PQR 1: “The unexamined life is not worth living.”
This statement of Socrates’, as told by Plato, is sufficient to explain the necessity of studying philosophy. Everyone is pitched into the world blindly and makes do as best they can with the things they are given. For many, this muddling through is hard enough, and examining their motives and the rightness of their actions is just an added, and superfluous, difficulty. However, if we do not examine our lives and use the wisdom we gain from it to plan the future, we are no better than animals following instinct to survive. To take control of your life you must engage your mind. This is not to say that everyone must become a new Socrates, or study academic philosophy, but to paraphrase Voltaire ‘we must all cultivate our own wisdom.’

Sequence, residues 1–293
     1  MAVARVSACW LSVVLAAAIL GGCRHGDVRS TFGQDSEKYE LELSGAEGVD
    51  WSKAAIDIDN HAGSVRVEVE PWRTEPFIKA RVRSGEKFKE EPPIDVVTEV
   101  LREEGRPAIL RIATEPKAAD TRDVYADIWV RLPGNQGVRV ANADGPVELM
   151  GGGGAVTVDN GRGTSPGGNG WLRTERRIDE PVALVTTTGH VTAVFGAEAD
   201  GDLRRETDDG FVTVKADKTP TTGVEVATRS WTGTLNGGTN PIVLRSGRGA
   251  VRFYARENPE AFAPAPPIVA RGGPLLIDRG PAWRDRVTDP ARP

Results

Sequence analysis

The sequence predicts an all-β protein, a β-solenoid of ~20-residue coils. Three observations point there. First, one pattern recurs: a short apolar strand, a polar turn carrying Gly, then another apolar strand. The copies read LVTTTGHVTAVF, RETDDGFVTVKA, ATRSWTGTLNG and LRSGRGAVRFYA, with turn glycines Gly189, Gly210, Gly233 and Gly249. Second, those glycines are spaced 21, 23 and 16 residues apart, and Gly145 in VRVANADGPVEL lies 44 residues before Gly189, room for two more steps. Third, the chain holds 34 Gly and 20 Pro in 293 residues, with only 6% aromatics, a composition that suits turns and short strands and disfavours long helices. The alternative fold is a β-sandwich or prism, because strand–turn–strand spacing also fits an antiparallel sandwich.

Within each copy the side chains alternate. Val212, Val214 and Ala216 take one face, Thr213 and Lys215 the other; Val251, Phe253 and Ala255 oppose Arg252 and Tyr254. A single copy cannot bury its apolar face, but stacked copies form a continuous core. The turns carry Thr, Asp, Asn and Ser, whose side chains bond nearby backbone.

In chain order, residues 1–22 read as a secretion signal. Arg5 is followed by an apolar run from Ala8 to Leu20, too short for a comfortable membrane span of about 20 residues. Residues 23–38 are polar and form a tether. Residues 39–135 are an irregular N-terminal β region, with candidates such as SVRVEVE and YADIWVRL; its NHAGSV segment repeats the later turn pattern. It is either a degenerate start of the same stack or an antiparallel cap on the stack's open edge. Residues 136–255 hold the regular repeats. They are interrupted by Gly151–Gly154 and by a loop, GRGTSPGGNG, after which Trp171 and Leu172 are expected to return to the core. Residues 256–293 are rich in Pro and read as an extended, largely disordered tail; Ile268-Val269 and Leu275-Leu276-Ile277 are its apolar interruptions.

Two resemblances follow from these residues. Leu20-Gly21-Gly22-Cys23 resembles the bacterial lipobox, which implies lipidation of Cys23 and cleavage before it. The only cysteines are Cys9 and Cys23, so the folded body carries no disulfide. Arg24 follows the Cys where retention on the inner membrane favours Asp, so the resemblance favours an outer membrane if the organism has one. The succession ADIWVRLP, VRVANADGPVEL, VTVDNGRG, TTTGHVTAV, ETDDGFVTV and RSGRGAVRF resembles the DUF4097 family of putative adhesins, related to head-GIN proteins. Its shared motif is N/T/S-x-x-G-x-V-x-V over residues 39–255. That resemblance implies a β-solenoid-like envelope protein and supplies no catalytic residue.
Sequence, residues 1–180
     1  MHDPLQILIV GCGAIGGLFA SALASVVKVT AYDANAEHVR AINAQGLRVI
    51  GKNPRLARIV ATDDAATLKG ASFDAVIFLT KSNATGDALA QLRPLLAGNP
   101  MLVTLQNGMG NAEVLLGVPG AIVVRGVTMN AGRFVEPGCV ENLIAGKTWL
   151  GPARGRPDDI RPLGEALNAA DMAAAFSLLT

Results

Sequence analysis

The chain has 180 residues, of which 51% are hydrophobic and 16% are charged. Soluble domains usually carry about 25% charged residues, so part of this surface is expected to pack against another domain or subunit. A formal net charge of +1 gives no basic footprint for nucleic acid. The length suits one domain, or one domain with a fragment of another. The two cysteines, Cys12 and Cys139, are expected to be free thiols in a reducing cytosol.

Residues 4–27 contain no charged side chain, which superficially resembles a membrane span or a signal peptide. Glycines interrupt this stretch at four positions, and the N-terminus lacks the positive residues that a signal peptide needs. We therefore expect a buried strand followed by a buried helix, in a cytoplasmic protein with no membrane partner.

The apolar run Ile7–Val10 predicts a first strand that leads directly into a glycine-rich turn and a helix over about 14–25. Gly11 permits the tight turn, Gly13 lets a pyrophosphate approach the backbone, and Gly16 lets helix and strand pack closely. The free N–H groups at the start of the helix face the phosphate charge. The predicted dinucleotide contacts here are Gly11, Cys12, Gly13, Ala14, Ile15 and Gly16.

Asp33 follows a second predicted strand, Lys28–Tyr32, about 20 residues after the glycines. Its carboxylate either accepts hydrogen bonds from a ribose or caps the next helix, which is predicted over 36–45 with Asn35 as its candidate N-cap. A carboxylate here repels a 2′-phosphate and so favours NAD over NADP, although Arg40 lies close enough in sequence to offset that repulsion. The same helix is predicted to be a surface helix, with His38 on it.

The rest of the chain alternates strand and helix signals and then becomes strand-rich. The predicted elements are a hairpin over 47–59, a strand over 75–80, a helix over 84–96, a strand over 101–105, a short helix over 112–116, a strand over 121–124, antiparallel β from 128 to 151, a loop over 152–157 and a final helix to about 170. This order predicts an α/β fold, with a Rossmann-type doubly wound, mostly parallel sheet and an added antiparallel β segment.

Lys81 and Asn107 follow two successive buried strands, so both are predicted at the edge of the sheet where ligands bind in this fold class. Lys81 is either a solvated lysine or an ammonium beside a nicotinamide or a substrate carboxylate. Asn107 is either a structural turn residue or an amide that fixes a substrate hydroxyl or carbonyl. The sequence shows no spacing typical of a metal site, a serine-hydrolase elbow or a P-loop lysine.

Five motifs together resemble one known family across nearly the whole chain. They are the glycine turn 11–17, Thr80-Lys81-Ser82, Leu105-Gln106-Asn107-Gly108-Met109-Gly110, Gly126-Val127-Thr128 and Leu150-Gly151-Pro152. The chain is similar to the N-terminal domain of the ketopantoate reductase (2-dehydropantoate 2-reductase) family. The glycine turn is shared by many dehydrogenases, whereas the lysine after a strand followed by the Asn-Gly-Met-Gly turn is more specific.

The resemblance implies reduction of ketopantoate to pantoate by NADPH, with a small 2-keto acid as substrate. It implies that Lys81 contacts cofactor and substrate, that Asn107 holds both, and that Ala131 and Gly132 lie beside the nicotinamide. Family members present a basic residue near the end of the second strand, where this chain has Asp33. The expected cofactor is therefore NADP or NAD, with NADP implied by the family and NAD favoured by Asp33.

What is your response to this philosopher’s perspective?
ADDITIONAL QUESTIONS FOR DISCUSSION . . .
The introductory statement to this ICD said, if we do not examine our lives and use the wisdom we gain from it to plan the future, we are no better than animals following instinct to survive. Would you agree? Explain.
Getting through this life is hard enough on its own. Could it not be argued that examining our motives and the rightness of our actions is just an added, and often meaningless, waste of time? Does it really matter? What do you think? Explain.